A new 639-foot freighter is being built over the next three years at a sprawling shipyard at the edge of Lake Michigan.
Constructed for Interlake Steamship Company, the new self-unloading bulk carrier is believed to be the first U.S. flagged freighter being built for the Great Lakes since 1983, the company announced this spring.
The new freighter is being built at the 63-acre Fincantieri Bay Shipbuilding plant in Sturgeon Bay, Wis.
It’s being designed to carry raw materials throughout the Great Lakes region.
Builders and Interlake say the project equals hundreds of jobs not only for shipyard workers, but for U.S. Merchant Mariners.
Interlake Steamship Company, with headquarters in Ohio, is the largest privately-held U.S. flag fleet on the Great Lakes. It has nine vessels, including ship-fan favorites like the Paul R. Tregurtha, the Mesabi Miner, the Stewart J. Cort, and the Herbert C. Jackson.
“When we approached a historic project of this magnitude – building our company’s first ship since 1981 – we knew it was critical to choose the right partners. Fincantieri Bay Shipbuilding is the shipyard that has the experience and skill to execute on our long-term vision,” Interlake President Mark W. Barker said in a press release.
While this new freighter won’t be a 1,000-footer like some others in Interlake’s fleet, it’s being built to specifications the company drew up after listening to the logistical needs of its customers.
“We’ve had a long and positive relationship of partnering with Fincantieri Bay Shipbuilding as we have modernized and reinvested heavily in our fleet. They have skillfully handled four repowers, five exhaust gas scrubber installations, as well as regular maintenance and regulatory dry-dockings on our vessels.”
The design on this bulk carrier is being handled jointly by Interlake, Fincantieri and Bay Engineering.
“We are excited to construct this historic large-scale bulk carrier on the Great Lakes for Great Lakes operation,” said Todd Thayse, Fincantieri’s vice president and general manager. “We are very proud of our long-term relationship with Interlake, and we appreciate their continued confidence in our shipyard and in our shipbuilding team. This new project and our past work are indicative of the quality and attention to detail that our customers have come to expect from Fincantieri Bay Shipbuilding.”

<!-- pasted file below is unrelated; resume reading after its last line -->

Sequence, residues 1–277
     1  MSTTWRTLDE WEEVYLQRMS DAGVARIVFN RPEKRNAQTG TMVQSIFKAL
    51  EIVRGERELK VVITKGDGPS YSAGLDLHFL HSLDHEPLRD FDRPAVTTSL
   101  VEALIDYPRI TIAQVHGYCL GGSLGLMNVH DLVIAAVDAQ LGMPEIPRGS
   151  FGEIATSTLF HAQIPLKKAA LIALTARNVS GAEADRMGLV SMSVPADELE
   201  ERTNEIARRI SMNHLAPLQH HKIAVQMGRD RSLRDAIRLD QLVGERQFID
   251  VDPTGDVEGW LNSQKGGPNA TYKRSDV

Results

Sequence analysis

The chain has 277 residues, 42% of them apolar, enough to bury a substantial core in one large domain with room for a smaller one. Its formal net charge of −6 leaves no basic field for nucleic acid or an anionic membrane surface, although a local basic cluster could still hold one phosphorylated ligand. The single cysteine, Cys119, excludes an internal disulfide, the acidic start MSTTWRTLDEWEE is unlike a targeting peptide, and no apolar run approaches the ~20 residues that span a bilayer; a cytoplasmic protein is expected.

“It brings steady employment to the hundreds of women and men we employ from across the region, and the economic benefit to our suppliers and others is widespread.”
The new freighter should be ready by mid-2022.
“The Interlake Steamship Company is also extremely proud to build locally, supporting surrounding communities and states – a legacy that we began more than 100 years ago,” Barker said. “We live and work in the Great Lakes region, and promoting growth and the positive economic impact of Great Lakes shipping is integral to our mission and vision as a leader in this industry.”
Interlake recently released some fast facts about this new freighter:
This newest self-unloading bulk carrier has a unique cargo hold arrangement and cargo hatch covers designed for maximum cubic space and the ability to handle difficult cargoes.
The vessel incorporates a flap rudder as well as bow and stern thrusters for high-level maneuverability.
All aspects of the vessel have been looked at to ensure that it will have a low environmental impact to the Great Lakes and to those who work aboard. The hull has been optimized for efficiency and all systems have been designed to ensure low energy consumption.
Power and speed.
The vessel is designed for 7,800 shaft horsepower produced by two sixteen-cylinder Electro-Motive Diesel (EMD) diesel engines that are EPA Tier 4 and IMO Tier III certified and is expected to have a top speed in excess of 15 m.p.h.
The vessel will be propelled by a single-screw, 18’ diameter, Kongsberg, controllable pitch propeller.
For its electrical power requirements, the vessel is provided with one 940 kW ship service diesel generator, two 2500 kW shaft generators and one 274 kW emergency generator.